The UN food agency’s world price index declined in May to its lowest in two years as a drop in the prices of vegetable oils, cereals and dairy products offset increase in sugar and meat prices.
The Food and Agriculture Organisation’s food price index, which tracks the monthly change in the international prices of a basket of food commodities, averaged 124.3 points in May, down 2.6 per cent from April, the agency said on Friday.
The May score marked the lowest since April 2021, Reuters reported.
The index was also 22 per cent below a record peak reached in March 2022 following the start of Russia’s invasion of Ukraine, according to the FAO.
“The decline in May was underpinned by significant drops in the price indices for vegetable oils, cereals and dairy, which were partly counterbalanced by increases in the sugar and meat indices,” the organisation said.
Soaring food prices will weigh on the growth of Mena economies this year, as double-digit food inflation hits poorer households and intensifies food insecurity in the long term, a World Bank report said in April.
About one in five people living in developing countries in the Mena region is expected to face food insecurity this year and almost eight million children under the age of five will be hungry, said the report, which examined the impact of rising food prices on the region.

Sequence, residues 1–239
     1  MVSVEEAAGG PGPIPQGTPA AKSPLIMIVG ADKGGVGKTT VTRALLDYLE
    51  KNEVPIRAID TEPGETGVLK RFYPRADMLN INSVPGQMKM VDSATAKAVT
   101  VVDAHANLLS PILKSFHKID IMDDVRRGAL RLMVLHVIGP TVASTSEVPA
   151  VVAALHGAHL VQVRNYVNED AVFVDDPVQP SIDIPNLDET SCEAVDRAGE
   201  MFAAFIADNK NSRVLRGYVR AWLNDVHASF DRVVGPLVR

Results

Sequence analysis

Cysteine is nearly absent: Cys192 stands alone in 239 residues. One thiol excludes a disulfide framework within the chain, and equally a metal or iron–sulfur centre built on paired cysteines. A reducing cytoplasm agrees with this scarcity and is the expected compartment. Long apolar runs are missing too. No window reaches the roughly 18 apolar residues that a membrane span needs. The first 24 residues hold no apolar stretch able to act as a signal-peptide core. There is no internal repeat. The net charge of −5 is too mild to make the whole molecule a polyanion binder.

More than 141 million people in the Arab world are exposed to food insecurity as the Ukraine conflict chokes crop supplies, the International Monetary Fund said last year.
Average year-on-year food inflation in the Mena region between March 2022 and December 2022 stood at 29 per cent, above headline inflation of 19.4 per cent, and these sharp increases in food prices can have long lasting effects on future generations, the lender said.
The FAO’s cereal price index dropped by about 5 per cent in May from the previous month and was 25 per cent below its record high a year ago, amid pressure caused by ample supply prospects and the extension of the Black Sea Grain Initiative allowing shipments from Ukraine.
International prices of wheat, maize, barley and sorghum declined in May.
However, international rice prices continued to increase last month, partly due to tighter supplies in some exporting countries such as Vietnam and Pakistan, the FAO said.
The agency’s vegetable oil price index slid by about 9 per cent month on month. The continued decline in the index reflected lower world prices across palm, soya beans, rapeseed and sunflower oils.
Global dairy prices eased more than 3 per cent, led by a steep drop in international cheese prices, amid a seasonal upturn in Northern Hemisphere's milk output, the agency said.
Global meat prices increased 1 per cent from April, marking the fourth consecutive monthly increase.
Sugar prices recorded a 5.5 per cent increase from April in a fourth straight monthly gain, as concerns over the El Nino weather pattern and shipping delays added to global supply risks, the FAO said.
However, improving weather in Brazil and lower crude oil prices prevented larger monthly price gains, the agency said.